Let's not continue to debate other differences in formats in this sticky thread, as not to confuse members trying to see how different formats impact angle of view with a given focal length lens.

Thanks.
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Old Mar 19, 2010, 12:51 PM   #34
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OK guys.... As Mark as already mentioned:



This is a sticky thread designed to help members with how different sensor sizes will result in different angles of view for a given focal length, thanks to the work of TCav, coordinating with Mark1616 to make this thread a sticky that we can refer members here to.

From what I can see, this continuing debate will only serve to confuse new (or potential) digital camera owners. ;-)

So, getting back to this thread's intended purpose....

If you have a larger sensor or film size, you will have a wider angle of view for a given focal length lens.

If you have a smaller sensor or film size, you will have a narrower angle of view for a given focal length lens.

To see how angle of view compares between different formats, see the first post in this thread.

Let's not continue to debate other differences in formats in this sticky thread, as not to confuse members trying to see how different formats impact angle of view with a given focal length lens.

Thanks.
Mark, has created a new and different Sticky. This thread is no longer a sticky...

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Old Mar 19, 2010, 1:07 PM   #35
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Thanks... I didn't notice that.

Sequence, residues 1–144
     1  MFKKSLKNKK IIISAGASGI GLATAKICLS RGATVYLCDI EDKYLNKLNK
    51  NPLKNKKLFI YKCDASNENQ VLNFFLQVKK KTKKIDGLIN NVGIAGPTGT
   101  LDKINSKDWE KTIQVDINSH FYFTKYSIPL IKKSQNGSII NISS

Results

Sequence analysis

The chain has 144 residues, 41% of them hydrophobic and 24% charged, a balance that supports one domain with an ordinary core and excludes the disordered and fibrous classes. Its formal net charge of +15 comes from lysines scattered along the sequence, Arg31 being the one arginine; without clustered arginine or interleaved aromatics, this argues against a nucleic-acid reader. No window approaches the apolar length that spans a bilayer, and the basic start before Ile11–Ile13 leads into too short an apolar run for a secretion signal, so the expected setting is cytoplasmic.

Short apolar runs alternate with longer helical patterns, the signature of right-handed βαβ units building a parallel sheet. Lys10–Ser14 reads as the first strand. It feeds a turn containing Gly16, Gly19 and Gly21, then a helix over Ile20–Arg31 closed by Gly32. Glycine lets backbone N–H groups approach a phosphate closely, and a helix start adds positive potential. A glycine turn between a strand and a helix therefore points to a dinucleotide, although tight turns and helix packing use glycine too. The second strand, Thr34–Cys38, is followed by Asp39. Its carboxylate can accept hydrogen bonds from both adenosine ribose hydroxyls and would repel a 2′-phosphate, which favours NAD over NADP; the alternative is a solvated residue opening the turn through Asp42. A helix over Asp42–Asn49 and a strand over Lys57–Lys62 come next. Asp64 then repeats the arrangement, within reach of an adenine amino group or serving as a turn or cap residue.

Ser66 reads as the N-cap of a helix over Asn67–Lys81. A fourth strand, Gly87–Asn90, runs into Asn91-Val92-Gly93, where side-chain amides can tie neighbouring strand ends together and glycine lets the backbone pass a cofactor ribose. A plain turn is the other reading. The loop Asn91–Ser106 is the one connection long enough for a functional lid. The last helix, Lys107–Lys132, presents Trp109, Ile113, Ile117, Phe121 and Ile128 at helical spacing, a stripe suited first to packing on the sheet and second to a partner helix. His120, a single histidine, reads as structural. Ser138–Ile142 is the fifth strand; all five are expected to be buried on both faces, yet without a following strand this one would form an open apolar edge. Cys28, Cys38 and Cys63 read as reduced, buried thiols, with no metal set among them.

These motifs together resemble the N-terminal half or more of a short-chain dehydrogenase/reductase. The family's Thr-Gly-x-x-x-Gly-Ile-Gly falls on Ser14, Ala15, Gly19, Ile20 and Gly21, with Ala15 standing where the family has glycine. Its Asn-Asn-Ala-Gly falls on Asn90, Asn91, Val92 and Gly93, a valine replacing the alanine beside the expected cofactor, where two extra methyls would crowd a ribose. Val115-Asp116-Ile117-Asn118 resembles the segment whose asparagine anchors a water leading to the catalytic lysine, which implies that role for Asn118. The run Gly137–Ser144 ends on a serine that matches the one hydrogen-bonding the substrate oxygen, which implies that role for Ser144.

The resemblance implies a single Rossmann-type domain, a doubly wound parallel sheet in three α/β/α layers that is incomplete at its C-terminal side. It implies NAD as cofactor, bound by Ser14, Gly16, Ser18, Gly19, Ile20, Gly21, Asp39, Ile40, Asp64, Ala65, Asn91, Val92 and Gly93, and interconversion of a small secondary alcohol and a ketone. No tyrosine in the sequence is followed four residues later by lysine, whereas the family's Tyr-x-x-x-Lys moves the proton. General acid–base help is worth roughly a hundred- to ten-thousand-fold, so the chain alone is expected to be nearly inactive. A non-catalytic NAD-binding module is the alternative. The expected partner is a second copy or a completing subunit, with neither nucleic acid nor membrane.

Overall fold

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Old Mar 19, 2010, 1:47 PM   #36
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Resolution = detail = information
More light gathering area translates into a more detailed image, that is more information. That concept is referred to as "resolution" or resolving power. All things being equal, an 8-inch telescope should have twice the resolving capability of a 4-inch.
Now, bear with me while we let out a little more air from this term. A telescope's resolution is measured by how well it can separate two distant objects that are very close to each other. It's purely a theoretical value and also depends quite a bit on the quality of the optics, but it gives you a "ballpark" feel for how well your telescope should perform optically.
Where did you find this?!?!

"... should have ...", "... a theoretical value ...", "... quite a bit ...", '... a "ballpark" feel ...', "... should perform ..." This is an authoritative reference?

First, the light gathering area of a 4 inch telescope is about 12.5 square inches, and the light gathering area of an 8 inch telescope is over 50 square inches! That's FOUR TIMES the "resolving area", not twice!


Second, the resolving power of any system is its ability to separate two phenomena. Your car's AM radio has the ability to resolve one station from another. But most important, it is certainly not a theoretical value. It is objectively, predictably and repeatable quantifiable.


Third, it's interesting that the author would gloss over the fact that resolution "... depends quite a bit on the quality of the optics." That's all it depends on.